What it means to be Canadian for our residents

Every July 1, Canadians around the country and those scattered across the globe unite in a grand celebration of Canada Day - a tribute to the country’s rich history and diversity. It’s a day that holds a special place in every Canadian’s heart, especially the senior citizens who have been the bedrock of our society, playing an indispensable role in molding the Canada we know and love.

These seniors have witnessed firsthand the growth and evolution of this young nation, from its modest beginnings to its current status as a beacon of democracy and multiculturalism. They have contributed immeasurably to developing our infrastructure, values, and national identity. Furthermore, their efforts, passion, and dedication have woven a vibrant tapestry of Canadian heritage.

Canada Day is a time for all Canadians to honour the tenacity of these pioneers, who have collectively shaped the history of this proud nation through their individual journeys. It’s a day for unity, for celebration, and a perfect occasion to acknowledge the contributions of the seniors who have helped make Canada the country we cherish today. Here’s what being Canadian means to four of the abovementioned seniors.

Helen Bowers (Aspira Cedar Crossing)
Helen B_"Being a Canadian means having freedom of speech and being able to walk 
around freely without prosecution. I feel very fortunate to have been born 
here, and be a Canadian. We have laws that protect us, and are able to lead happy and normal lives. We have great public education provided to us, and universal free health care. We have a lot more options available to us 
than other countries do. We have the freedom to choose whatever we want to do with our lives. We have democracy, and the ability to choose who leads our country.”


Mary Kleinschmidt (Aspira Cedar Crossing)
Mary K_"For me, being a Canadian means getting a long and learning about different cultures and customs. Canada has become such a diverse country. It is nice to make friends with all kinds of interesting people. I am very proud of my country. I have always been proud to be a born and raised Canadian. It’s hard to put into words how truly blessed I feel to be a Canadian. Canada is a melding pot of interesting people, and I wish more people would see everyone as a human being, instead of judging each other on their differences."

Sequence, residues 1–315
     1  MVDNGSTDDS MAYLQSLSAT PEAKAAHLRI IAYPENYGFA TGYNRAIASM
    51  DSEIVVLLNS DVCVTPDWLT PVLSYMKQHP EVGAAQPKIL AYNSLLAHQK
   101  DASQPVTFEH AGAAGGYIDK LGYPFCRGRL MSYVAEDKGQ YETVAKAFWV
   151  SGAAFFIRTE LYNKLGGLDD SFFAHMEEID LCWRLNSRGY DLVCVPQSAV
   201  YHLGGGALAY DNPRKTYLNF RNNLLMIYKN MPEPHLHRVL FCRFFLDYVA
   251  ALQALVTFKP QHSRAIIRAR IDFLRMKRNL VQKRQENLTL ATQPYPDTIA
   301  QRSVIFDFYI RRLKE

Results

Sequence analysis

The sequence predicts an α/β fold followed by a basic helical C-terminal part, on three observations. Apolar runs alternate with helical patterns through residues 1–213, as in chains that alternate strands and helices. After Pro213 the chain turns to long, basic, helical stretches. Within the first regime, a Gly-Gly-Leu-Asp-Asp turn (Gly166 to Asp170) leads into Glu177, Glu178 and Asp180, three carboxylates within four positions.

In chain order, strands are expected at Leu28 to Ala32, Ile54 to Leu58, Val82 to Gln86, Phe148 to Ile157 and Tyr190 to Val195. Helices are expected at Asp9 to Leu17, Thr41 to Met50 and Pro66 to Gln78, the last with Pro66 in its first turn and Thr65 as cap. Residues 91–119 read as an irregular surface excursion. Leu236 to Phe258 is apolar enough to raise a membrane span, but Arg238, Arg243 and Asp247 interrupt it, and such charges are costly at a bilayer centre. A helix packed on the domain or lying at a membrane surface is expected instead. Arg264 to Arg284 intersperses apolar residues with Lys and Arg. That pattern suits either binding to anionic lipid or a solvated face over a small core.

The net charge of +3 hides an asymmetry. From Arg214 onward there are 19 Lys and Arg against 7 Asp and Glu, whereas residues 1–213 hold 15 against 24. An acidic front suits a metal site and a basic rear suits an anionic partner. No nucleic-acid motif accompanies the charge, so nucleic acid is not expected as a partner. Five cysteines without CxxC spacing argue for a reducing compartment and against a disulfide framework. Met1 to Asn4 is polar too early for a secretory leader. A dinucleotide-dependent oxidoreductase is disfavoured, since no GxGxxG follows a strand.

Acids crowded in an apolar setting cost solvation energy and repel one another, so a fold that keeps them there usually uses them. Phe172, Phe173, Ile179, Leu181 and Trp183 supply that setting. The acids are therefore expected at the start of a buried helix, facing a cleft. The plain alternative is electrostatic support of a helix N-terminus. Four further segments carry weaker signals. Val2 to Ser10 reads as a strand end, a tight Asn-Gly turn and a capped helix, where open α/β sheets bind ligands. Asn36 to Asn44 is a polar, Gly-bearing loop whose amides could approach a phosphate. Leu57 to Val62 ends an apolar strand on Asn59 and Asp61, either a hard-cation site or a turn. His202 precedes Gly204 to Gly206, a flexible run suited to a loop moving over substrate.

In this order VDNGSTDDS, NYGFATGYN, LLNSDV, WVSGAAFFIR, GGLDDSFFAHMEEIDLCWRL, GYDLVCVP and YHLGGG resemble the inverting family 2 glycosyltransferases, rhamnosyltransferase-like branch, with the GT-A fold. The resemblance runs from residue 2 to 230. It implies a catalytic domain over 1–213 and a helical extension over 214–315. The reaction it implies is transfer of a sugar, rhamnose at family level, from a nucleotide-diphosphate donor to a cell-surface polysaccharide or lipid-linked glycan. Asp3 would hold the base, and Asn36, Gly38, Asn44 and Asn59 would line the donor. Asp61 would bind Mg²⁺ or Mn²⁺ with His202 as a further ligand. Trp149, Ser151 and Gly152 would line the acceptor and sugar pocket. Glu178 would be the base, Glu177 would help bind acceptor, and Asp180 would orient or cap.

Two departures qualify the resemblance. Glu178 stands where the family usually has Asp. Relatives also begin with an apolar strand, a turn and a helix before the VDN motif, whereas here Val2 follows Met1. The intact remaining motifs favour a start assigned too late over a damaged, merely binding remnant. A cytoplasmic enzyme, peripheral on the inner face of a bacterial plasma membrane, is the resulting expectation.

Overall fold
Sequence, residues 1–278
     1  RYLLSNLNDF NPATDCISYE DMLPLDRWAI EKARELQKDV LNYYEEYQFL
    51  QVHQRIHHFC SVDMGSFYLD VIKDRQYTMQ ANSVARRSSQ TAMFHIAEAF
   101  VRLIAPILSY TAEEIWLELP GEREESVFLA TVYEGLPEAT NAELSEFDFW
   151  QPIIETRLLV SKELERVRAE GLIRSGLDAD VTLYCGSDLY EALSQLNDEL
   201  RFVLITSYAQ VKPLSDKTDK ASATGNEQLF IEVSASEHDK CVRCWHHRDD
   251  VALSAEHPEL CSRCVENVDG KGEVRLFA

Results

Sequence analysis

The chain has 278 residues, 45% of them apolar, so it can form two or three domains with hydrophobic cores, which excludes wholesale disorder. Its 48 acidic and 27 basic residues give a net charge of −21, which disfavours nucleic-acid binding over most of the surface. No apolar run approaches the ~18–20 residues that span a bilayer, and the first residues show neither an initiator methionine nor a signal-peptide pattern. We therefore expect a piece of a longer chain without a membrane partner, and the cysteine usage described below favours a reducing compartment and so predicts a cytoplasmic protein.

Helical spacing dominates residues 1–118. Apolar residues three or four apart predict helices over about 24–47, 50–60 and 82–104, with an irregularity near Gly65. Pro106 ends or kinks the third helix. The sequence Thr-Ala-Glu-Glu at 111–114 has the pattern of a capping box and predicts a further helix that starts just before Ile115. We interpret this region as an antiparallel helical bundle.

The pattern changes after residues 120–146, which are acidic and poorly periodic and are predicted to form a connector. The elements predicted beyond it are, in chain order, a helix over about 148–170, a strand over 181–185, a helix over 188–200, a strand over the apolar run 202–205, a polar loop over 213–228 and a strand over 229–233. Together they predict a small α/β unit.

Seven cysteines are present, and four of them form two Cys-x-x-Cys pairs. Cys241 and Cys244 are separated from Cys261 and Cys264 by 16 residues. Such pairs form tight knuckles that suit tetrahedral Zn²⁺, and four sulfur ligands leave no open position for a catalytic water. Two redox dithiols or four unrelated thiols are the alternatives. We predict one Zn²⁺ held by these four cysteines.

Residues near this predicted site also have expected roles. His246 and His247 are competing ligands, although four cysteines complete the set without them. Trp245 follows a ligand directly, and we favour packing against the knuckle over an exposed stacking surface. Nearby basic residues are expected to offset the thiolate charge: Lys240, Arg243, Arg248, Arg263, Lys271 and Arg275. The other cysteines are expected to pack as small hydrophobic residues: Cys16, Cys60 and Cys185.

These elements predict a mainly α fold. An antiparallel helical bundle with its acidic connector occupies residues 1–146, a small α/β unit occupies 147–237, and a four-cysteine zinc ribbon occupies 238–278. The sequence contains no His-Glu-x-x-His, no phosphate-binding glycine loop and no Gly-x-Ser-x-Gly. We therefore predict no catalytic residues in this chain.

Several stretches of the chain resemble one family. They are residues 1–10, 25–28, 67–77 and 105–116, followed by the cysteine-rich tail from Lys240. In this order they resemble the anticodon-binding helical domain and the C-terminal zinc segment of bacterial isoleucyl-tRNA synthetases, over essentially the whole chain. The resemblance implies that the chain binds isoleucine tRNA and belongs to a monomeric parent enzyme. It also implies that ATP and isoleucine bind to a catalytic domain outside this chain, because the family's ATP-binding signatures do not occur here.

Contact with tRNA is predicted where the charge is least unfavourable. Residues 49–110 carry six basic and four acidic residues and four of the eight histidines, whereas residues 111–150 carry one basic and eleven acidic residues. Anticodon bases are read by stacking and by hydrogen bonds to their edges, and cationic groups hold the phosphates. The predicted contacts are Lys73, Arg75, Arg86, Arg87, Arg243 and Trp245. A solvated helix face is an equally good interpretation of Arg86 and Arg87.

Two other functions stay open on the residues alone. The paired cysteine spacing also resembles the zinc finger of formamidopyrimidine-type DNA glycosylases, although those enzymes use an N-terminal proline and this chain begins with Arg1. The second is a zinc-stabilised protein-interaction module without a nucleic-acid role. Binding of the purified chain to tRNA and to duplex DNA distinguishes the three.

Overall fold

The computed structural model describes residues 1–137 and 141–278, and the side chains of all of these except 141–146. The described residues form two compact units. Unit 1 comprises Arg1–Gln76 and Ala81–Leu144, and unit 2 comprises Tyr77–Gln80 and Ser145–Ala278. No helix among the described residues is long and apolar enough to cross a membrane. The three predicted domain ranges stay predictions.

Connie Reitsma (Aspira Island View)
Connie"I truly appreciate being a Canadian and living in Canada. I was born here and I’m pretty sure I will die here. In the meantime I have the freedom to enjoy life with family and friends, explore my surroundings and enjoy life in general. We have the privilege of experiencing four seasons with our weather, which is not always to everyone’s liking. Winter’s sometimes too long and summer is sometimes too hot but it gives everyone something to talk and complain about. It’s a great conversation topic along with politics, religion and sports. You can voice your opinion and praise or criticize without being thrown in jail. Canada is known for being a friendly country and this is true. This is another reason I am proud to be a Canadian. I love being among friendly and open people. As I’ve aged I’ve come to appreciate just how lucky I’ve been to live here."


Al Schwinghamer (Aspira West Park Crossing)

Al S 02"I am of Austrian descent. My grandfather immigrated to Montana, USA and from there to the Canadian prairies when Canada was opening up  and land was plentiful. I received a degree in Civil Engineering at the University of Saskatchewan and worked for many government departments before being elected to the Moose Jaw City Council. I also served two terms as Mayor. I am a great admirer of democracy and feel like Canada is the best example of this. I love the peacefulness of living in a non-violent society where decisions are made by people elected by the people. When I think about the atrocities of WWII, I’m especially proud of the Canadian involvement to bring peace and freedom to future generations. I love living in a country where differences are resolved democratically and not through violence. Peace is what it means to me to be a Canadian.
"

It’s clear to see how much Canada means to its senior citizens. We should all follow in their footsteps by making this country better with each passing day and celebrating its beauty, diversity, and success this and every July 1.

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